The modern meaning of the word "epidemic" tends to be a medical one: contagious diseases and plagues spread among a high percentage of the population. But in some instances, epidemics might not be medical at all, or at least medicine can't find a source for them; they seem to be rooted in a mix of psychology, socio-cultural pressures, and stress. What else could make hundreds of people dance themselves nearly to death in 1500s Strasbourg, or laugh for several weeks in 1960s Africa? Other explanations have been suggested, from poisoning to demonic possession; but generally speaking, the explanation for such strange mass epidemics is "mass hysteria," a collective delusion or behavior rooted not in schizophrenia or mental illness but in the credulity and susceptibility of a particular community.
Some types of mass hysteria are more documented than others. Epidemics of mysterious disease where nobody appears to actually be ill are called mass psychogenic illness, or the “rapid spread of illness signs and symptoms affecting members of a cohesive group," according to the British Journal of Psychiatry. One person may show signs of illness, but the illness will "spread" without any rhyme or reason, even if it's a non-contagious condition like a broken arm or trembling hands. It's particularly observed in young women in stressful environments, like strict schools or nunneries.
Aside from mass psychogenic illness, though, epidemics can take extremely strange forms: delusions about penises, the belief that somebody's turning into a dog, and the absolute insistence that some strange person is randomly going around spraying noxious gas into the bedrooms of nubile young ladies. Influenza, by contrast, isn't nearly so glamorous.
1. The Dancing Epidemic, 1518
The most famous "epidemic" in history is likely the "dancing epidemic" that struck Strasbourg in 1518, started off by one woman, Mrs. Troffea. According to numerous accounts, the woman began to dance uncontrollably in the streets, without any ability to stop. Instead of an isolated incident, though, this proved to be the start of a shocking behavioral plague: men, women, and children also began to dance compulsively around the region in the weeks that followed, and it was estimated by the time the epidemic tapered off that it had affected around 400 people, many of whom were taken to a "healing shrine" to try and cure them (if they had survived the ordeal).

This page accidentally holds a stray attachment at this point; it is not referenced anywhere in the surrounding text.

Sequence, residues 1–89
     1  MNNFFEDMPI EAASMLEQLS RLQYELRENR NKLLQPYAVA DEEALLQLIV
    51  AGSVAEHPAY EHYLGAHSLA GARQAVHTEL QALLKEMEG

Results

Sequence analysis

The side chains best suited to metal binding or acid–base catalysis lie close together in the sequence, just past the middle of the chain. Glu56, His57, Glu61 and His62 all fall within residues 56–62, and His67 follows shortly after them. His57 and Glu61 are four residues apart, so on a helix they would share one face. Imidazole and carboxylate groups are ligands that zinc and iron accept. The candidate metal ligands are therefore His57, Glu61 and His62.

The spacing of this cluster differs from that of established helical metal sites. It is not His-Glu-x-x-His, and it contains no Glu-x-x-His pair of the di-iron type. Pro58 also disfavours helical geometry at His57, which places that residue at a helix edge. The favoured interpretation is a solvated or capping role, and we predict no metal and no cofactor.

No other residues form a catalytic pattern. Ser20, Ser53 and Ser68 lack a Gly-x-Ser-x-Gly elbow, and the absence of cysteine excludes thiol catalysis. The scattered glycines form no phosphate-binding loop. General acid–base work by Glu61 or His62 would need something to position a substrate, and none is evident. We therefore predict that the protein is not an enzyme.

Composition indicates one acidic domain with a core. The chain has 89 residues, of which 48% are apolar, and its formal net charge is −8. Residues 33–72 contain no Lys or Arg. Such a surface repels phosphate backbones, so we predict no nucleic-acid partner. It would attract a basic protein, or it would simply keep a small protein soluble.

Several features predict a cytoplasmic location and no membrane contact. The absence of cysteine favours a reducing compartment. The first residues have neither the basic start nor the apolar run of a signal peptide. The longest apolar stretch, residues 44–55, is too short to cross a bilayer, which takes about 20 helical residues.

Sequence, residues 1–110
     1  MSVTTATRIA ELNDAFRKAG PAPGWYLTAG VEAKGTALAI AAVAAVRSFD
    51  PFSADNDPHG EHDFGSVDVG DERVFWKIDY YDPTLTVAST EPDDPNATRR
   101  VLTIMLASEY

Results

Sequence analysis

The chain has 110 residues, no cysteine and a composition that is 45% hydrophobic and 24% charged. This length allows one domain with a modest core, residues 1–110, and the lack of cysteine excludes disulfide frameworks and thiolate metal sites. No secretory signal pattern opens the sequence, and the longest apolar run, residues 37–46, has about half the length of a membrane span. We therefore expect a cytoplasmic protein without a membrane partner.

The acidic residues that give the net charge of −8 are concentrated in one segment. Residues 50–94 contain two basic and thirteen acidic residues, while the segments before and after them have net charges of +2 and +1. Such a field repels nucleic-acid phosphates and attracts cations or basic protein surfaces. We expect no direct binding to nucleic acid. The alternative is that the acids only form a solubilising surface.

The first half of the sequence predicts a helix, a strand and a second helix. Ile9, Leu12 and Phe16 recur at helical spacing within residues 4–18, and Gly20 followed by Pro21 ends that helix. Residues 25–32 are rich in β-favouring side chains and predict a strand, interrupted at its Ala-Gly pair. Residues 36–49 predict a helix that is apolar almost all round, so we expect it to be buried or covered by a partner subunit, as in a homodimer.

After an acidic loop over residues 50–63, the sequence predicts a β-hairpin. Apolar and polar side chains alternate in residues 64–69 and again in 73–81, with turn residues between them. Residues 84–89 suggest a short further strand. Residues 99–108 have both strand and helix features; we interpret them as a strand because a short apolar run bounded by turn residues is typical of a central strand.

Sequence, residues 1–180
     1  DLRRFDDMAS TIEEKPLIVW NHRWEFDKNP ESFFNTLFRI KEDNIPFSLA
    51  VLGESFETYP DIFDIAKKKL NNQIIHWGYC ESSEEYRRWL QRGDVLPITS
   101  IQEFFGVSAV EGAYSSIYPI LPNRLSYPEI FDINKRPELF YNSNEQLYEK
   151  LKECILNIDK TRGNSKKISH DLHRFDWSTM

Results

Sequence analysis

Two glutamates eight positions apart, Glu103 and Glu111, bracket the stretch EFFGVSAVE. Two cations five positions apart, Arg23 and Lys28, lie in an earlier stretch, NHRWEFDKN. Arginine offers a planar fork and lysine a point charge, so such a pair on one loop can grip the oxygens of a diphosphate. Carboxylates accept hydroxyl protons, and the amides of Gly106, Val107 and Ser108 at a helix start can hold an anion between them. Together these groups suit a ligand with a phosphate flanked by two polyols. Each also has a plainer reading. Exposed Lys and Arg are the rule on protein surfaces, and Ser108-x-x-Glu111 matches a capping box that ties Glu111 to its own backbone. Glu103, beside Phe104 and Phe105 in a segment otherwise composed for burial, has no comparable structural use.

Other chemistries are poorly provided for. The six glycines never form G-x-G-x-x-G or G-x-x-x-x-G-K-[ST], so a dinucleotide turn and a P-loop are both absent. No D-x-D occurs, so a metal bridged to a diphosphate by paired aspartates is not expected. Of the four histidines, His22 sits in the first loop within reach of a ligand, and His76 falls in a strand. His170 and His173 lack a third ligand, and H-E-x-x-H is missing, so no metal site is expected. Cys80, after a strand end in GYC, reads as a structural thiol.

Bizarrely enough, this wasn't even the first dancing plague in European history; a set of very similar circumstances had hit villages along the Rhine in 1374, spreading as far as Italy and Luxembourg. Various explanations have been offered for the dancing, from the existence of a trance state to religious fervor and mass poisoning, but nobody has ever confirmed anything.
2. Cat & Dog Nun Epidemics, 15th Century
The particular conditions in which medieval nuns across France and Germany lived in the 15th century seem to have exposed them to some very odd ideas. One observer, writing in 1844, said that he'd come across evidence that one convent was taken over by a plague of "cat imitation":
"I have read in a good medical work that a nun, in a very large convent in France, began to meow like a cat; shortly afterwards other nuns also meowed. At last all the nuns meowed together every day at a certain time for several hours together. The whole surrounding Christian neighborhood heard, with equal chagrin and astonishment, this daily cat-concert, which did not cease until all the nuns were informed that a company of soldiers were placed by the police before the entrance of the convent, and that they were provided with rods, and would continue whipping them until they promised not to meow any more."